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Lo Tachmod vs. Lo Titaveh

In Parashat Va’Etchanan, Deuteronomy 5:18, we have Moshe’s rehashing of the tenth of the Aseret HaDibrot, the 10 Commandments. Commonly known to us as “Do not covet”, the actual text (translated by JPS, 2006) reads, “You shall not covet your neighbor’s wife. Likewise, none of you shall crave your neighbor’s house, or field, or male or female slave, or ox, or ass, or anything that is your neighbor’s.” The verb used for “covet” is tachmod, the verb used for “crave” is titaveh. Why the different verbs? The original Aseret HaDibrot, in Exodus, read, “You shall not covet your neighbor’s house: you shall not covet your neighbor’s wife, or male or female slave, or ox or ass, or anything that is your neighbor’s.” All verbs here are “covet”, tachmod. In addition to the difference in verbs, the two sets of commandments also differ in that in Moshe’s retelling there is a distinction made between the neighbor’s wife and his possessions, both by placing the wife first, outside of the general category of “house”, and by using a different verb for it. My question is why? Why the different verbs? Why the distinction between wife and possessions?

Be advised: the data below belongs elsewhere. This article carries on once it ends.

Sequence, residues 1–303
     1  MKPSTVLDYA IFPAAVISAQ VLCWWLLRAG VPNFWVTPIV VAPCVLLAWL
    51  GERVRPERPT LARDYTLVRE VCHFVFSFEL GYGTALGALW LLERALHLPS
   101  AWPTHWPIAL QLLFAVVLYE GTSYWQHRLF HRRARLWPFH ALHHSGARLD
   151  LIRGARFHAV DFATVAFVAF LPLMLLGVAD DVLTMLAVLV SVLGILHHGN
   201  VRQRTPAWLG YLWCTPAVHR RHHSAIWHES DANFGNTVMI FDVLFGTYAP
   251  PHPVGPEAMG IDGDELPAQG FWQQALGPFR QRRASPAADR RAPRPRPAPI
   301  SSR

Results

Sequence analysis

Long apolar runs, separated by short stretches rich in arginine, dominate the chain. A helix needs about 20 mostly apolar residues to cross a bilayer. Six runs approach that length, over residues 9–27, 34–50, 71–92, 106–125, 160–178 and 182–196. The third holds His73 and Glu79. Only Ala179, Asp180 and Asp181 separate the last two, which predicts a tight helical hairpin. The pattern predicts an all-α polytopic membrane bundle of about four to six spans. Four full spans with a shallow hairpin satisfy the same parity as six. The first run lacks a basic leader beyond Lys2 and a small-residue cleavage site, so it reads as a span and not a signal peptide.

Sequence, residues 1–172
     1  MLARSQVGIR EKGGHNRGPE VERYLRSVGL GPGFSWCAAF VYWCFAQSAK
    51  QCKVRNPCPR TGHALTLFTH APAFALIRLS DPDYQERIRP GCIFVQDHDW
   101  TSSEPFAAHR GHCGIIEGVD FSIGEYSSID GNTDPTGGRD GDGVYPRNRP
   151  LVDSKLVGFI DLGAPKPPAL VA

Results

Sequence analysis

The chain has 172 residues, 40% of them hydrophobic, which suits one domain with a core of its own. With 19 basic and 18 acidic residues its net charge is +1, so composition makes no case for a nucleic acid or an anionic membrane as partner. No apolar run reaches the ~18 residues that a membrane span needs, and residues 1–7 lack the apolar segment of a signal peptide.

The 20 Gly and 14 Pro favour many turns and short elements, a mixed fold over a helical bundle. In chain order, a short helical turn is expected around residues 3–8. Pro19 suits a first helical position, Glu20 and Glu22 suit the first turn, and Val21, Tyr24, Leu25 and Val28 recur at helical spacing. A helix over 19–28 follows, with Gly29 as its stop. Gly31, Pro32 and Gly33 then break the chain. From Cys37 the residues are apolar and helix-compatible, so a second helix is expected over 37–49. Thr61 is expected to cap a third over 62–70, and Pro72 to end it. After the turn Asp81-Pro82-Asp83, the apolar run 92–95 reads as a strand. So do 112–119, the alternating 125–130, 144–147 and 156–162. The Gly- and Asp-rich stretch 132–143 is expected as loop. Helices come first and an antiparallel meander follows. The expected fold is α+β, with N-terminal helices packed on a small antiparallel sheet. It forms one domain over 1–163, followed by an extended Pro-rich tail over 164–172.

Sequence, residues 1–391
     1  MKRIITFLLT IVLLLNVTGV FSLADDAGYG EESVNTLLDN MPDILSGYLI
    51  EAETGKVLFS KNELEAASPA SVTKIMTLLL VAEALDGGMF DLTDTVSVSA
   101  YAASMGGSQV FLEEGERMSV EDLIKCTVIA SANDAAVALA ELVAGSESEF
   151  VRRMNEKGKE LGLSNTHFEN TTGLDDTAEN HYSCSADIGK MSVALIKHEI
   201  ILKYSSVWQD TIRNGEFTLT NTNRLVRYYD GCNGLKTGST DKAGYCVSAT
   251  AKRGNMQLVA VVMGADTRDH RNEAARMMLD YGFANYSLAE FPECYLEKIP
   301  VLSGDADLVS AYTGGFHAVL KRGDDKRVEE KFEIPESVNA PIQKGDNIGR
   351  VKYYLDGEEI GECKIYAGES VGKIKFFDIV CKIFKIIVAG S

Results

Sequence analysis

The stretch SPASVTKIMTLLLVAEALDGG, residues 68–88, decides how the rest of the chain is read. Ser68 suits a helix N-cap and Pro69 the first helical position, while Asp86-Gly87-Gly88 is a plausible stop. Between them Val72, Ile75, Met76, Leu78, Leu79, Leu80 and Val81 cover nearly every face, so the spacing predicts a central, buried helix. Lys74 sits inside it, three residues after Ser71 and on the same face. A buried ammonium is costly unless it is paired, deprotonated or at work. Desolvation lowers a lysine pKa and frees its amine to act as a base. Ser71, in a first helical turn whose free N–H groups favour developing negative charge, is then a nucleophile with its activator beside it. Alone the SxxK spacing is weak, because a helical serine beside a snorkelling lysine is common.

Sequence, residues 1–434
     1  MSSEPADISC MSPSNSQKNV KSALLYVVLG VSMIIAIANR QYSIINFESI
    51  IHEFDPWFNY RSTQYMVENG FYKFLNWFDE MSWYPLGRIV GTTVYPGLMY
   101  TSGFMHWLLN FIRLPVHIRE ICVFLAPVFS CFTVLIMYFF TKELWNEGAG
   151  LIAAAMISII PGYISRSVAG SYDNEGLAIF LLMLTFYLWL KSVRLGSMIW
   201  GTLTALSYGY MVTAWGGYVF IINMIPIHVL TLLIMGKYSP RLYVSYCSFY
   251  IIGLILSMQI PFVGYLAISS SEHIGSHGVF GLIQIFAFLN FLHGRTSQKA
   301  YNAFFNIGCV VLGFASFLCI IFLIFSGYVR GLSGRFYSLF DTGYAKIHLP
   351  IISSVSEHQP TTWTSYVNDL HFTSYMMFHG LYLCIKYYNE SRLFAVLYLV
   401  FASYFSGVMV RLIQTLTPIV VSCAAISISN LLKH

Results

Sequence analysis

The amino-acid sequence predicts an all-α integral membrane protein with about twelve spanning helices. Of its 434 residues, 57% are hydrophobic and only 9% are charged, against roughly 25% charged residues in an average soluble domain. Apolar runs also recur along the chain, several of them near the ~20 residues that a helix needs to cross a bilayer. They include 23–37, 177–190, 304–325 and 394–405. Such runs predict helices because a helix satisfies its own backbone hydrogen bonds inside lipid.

Many explanations have been given over the years for the difference between lo tachmod and lo titaveh, probably most famously by Maimonides. I am most convinced by the position backed by scholar Benno Jacob, Nehama Leibowitz, and Rabbi Dovid Tzvi Hoffman, among others. They bring proof that, throughout Tanakh, tachmod refers to a desire triggered by seeing. Even more basically, it refers to desiring something which one has encountered. Something has been placed before you; it looks good; you want it. Titaveh and words based on its root generally refer to a craving for something out of reach, something unseen. It is not based on sensory experience; one does not have a taava because something looks good, but rather because something sounds good. With tachmod, you only realize you’re missing something once you see it. With tavah, you somehow feel it in your heart. As a quick example, Rashi points to Genesis 2:9, which uses tachmod to refer to trees which are nice to look at and good for eating which God plants in Gan Eden. Humans have a relatively simple relationship with the fruit. Desire for it does not build up in their psyche. They simply see the fruit, it looks good, and so they eat it, and it’s satisfactory and healthy. Compare this to the tava in Bamidbar for meat, which is exactly what the Israelites do not have and are craving. It builds in their psyche. To see the prooftexts for yourself, see this article: https://jewishlink.news/features/42011-what-is-the-difference-between-lo-tachmod-and-lo-titaveh-2. Another difference between the two verbs in Moshe’s retelling is that titaveh is in a verb form normally used for reflexive verbs. This supports the idea that one builds a tava inside themself, whereas a tachmod is more something that strikes a person when they see something attractive.